operator assistance, clear con
nections and immediate credit
for wrong numbers. And the
assurance that virtually all of
your calls will go through the
first time. That's the genius of
the AI&T Worldwide Intelligent
Network.
When it's time to choose,
forget the gimmicks and make
the intelligent choice, AW.
If you'd like to know
more about our other AT&T
Long Distance products or
services, including the AT&T
Card, contact your University
of North Carolina AT&T
Student Campus Manager or
call us at 1-800-222-0300.
AT&T
The right choice.
"It worked out pretty good," said
Furmal Gorham, a junior English ma
jor from Washington, N.C. "There were
two of us who constantly called Dur
ham and Raleigh." She said a flat rate
was much more economical because
she had two other roommates to split
the costs.
"I think it's wonderful," said Shel
don Henderson, owner of Shrunken
Head Boutique on Franklin Street. He
has a sister living in Durham and a
daughter in Raleigh, and a standard fee
helps him save money, he said.
Henderson said he only uses the
service at home because his business
does not require much contact with
other Triangle businesses.
Michele Gaeto, a senior psychology
major from Gastonia, is also pleased
with the program. She and her boy
friend, a graduate student at N.C. State
University, split a $12 monthly charge.
"We spent $50 a month per person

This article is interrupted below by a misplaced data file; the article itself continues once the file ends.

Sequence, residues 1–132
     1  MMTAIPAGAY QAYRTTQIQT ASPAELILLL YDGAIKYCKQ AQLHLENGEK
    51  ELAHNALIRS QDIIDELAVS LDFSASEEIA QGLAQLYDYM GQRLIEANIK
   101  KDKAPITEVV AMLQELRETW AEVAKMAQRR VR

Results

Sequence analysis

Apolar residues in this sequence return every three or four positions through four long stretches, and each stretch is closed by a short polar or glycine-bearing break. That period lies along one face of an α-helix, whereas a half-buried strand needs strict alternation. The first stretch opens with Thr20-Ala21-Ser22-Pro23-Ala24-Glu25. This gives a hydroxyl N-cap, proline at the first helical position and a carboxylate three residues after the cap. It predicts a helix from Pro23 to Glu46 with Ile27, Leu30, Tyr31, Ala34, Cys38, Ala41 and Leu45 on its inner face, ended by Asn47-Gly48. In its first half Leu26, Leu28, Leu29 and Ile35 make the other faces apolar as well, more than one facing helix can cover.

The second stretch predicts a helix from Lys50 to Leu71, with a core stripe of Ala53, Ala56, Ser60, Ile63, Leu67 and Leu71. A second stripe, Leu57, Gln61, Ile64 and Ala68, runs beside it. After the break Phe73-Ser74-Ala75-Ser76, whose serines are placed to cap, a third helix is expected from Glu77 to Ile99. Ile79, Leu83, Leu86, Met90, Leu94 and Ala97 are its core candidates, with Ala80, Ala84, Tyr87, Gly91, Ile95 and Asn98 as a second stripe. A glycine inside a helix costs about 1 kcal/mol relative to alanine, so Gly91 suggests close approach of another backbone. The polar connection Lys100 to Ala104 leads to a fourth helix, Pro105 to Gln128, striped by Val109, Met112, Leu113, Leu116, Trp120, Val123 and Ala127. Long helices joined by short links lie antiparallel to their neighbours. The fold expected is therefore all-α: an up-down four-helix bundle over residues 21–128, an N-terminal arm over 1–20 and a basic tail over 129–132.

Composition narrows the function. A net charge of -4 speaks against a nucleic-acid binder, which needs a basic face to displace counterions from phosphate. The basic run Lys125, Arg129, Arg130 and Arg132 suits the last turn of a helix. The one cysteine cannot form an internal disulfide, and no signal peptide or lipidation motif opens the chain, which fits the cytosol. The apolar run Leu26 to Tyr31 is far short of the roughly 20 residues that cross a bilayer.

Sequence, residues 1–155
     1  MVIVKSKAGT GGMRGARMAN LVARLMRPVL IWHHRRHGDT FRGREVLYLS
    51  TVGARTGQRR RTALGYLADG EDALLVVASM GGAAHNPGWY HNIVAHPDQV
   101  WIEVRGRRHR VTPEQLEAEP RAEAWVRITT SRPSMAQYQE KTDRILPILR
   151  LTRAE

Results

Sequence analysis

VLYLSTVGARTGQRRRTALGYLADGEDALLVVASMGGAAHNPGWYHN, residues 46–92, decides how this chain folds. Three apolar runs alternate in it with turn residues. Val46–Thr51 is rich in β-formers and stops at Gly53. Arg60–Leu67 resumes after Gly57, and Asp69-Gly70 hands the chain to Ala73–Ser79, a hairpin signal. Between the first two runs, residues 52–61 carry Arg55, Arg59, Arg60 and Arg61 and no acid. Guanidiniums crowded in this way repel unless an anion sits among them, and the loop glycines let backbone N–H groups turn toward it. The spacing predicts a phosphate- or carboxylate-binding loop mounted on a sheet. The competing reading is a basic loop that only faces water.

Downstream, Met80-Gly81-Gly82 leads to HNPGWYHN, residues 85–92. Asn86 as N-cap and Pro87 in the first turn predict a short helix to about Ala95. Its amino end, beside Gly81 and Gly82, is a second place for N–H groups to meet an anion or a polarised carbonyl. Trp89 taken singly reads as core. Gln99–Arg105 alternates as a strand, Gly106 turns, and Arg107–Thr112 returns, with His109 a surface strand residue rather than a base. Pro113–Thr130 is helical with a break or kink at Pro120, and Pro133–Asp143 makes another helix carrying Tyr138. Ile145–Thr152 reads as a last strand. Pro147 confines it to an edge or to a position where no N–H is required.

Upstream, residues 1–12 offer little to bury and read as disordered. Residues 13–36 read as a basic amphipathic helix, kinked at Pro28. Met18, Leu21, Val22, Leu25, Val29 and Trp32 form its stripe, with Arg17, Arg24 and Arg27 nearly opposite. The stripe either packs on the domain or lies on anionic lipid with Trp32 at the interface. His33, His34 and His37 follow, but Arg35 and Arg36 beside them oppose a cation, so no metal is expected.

last year," Gaeto said. "Now it's about
$6 a month."
Gaeto said she noticed no difference
in the quality of the calls she received
from Raleigh.
Not all Triangle residents have a use
for the service.
"Most of the numbers that I call are
800 numbers, so I don't need it," said
Jack Tomkovick, owner of the Gold
Connection.
But the program shows the amount
of positive growth in the Triangle, he
said.
Daycare
from page 1
Carolina," Schaffner said. "It's proba
bly because we have a number of facili
ties trying to provide quality day care."
N.C SAT
scores sag
From Associated Press reports
RALEIGH After five straight
years of modest gains, N.C. students
taking the Scholastic Aptitude Test
scored lower on the test than students in
any other state, the College Board re
ported Monday.
The low ranking reflects the state's
weak commitment to improving its
public schools, the head of a teachers'
group said.
"We are at the bottom and that is a
pretty sad commentary," said Sara
Stewart, president of the N.C. Federa
tion of Teachers.
The average SAT scores of North
Carolina's high school seniors fell five
points to 836 this year, putting the state
last in the nation from its previous rank
of 49th.
The average scores for high school
seniors on the college entrance exam
dropped in 1989 by four points on the
verbal portion to 397 and by one point
to 439 on the math portion.
Former UNC-system President Wil
liam Friday said, "This is no posture for
the state of North Carolina to find itself
in. Whatever it takes to correct it, we
must now undertake."
r
Laserset
Resumes
LASER PRINTERS
rushes possible open 7 days a week
on Franklin Street above Sadlack's
967-6633
POWERFUL IDEAS
Gurdjieff wrote that we are asleep. That
In order to wake up, we must work on
ourself. To do this requires self-study.
To study oneself requires self
observation. The study of oneself can
lead to higher states of consciousness.
This consciousness without thought. A
consciousness of oneself as well as the
world outside. Higher states of
consciousness can lead to a permanent
principle of consciousness that can
survive the death of the physical body.
iThily a quest for eternal fife. .
787-4653 Raleigh
Thomas T. Grey, M.A.